I’ve finally started reading The New Spanish Table after it sat in my stack of unread cookbooks for almost a year. I’m only about 50 pages into it, but I can tell that it’s going to be a delight to read. Already, I’ve learned about the different regions of Spain, regional cuisine specialties, and a little history of each area. The first chapter of recipes is Tapas, and each item is introduced with some information about where it originated and variations on how it might be prepared. As usual, I wanted to make each and every item as I began this chapter, and this time I almost did. I chose several dishes including the first two in a row and spent an evening imagining I was in Seville on a tapeo that happened to take place entirely in one establishment (my house) rather than several. For today, I’m showing the first three tapas I prepared, and I’ll continue the story in a second post. Tangerine-marinated olives, Sevillian marinated carrots, and smoky fried almonds are up first.

I wasn’t able to locate a tangerine for the olives, so I used an orange instead. Cracked green olives were marinated with orange zest and juice, lots of crushed garlic, lemon slices, sherry vinegar, olive oil, bay leaves, a crumbled dried chile, and a pinch of ground cumin. To prepare the carrots, they were peeled but left whole and cooked in boiling water in a large pot just until crisp-tender. The marinade was made by combining garlic, cumin seeds, dried oregano, red pepper flakes, fresh parsley, salt, and olive oil in a food processor and pulsing to a fine paste. Lemon juice was then added to the mixture. The carrots were cut into quarter inch or half inch pieces, tossed with the marinade, and left in the refrigerator overnight. The almonds were very simple to prepare. Marcona almonds were suggested, and that’s what I used, but blanched almonds would have been fine too. The almonds were fried in olive oil until golden and then were transferred to a paper towel lined tray to drain before being placed in a paper bag. Salt and smoked Spanish paprika were placed in the bag with the almonds, and the bag was shaken to distribute the seasonings.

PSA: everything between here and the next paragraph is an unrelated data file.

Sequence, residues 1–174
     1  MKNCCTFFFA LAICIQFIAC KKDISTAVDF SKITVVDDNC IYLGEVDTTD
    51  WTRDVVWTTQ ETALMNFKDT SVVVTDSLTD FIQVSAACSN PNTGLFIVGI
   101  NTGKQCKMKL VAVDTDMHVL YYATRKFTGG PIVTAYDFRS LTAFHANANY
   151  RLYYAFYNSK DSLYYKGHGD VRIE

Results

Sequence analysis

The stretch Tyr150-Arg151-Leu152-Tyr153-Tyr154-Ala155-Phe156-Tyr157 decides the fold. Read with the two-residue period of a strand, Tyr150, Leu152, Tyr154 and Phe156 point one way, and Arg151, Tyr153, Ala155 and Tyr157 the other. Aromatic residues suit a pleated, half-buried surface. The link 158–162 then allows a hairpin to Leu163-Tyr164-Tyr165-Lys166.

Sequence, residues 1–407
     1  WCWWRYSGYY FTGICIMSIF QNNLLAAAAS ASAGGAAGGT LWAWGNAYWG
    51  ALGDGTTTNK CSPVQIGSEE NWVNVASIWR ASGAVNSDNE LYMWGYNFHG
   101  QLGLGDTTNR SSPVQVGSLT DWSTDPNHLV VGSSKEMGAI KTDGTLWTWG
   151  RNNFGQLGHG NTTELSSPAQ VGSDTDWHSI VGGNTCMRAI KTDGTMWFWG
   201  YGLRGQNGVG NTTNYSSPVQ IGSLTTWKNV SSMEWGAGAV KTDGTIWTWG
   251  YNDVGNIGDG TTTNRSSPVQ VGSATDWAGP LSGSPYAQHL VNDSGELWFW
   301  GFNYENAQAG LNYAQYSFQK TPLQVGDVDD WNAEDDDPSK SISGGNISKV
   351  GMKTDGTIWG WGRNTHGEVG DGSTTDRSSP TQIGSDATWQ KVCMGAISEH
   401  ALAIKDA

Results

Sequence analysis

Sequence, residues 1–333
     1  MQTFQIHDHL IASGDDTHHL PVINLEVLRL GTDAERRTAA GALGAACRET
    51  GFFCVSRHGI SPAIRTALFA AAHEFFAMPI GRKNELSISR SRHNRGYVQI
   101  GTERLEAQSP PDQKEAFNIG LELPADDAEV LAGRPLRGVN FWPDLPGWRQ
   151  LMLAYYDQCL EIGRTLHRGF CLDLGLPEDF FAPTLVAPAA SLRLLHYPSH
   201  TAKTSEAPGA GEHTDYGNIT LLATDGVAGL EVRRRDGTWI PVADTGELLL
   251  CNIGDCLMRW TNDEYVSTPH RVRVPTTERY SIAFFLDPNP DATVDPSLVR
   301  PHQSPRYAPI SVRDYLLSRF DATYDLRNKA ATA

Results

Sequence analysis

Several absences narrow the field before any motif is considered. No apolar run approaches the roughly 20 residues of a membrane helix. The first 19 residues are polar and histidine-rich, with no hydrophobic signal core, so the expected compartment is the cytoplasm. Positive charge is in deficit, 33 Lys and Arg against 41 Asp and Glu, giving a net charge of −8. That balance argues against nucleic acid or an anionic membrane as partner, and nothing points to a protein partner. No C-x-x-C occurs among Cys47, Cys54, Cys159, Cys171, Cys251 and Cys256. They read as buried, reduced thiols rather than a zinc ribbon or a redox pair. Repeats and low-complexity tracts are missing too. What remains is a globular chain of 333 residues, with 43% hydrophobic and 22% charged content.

The great thing about a tapas party is that a lot of the preparation can be done a day or more in advance. However, the almonds are at their best served warm, but they could be re-heated in the oven right before serving. These were three very simple items, but the flavors were addictive. I know I have a good snack in front of me when I'm incapable of controlling my hand repeatedly reaching for the serving dish. The citrus and garlic combination in the olives was a winner, and the marinated carrots will make you wonder why bars ever offered pretzels as snacks. And, warm, smoky, paprika-scented Marcona almonds don’t even require a flavor description. Pour me another glass of Garnacha, and let me continue to pretend I’m in Spain.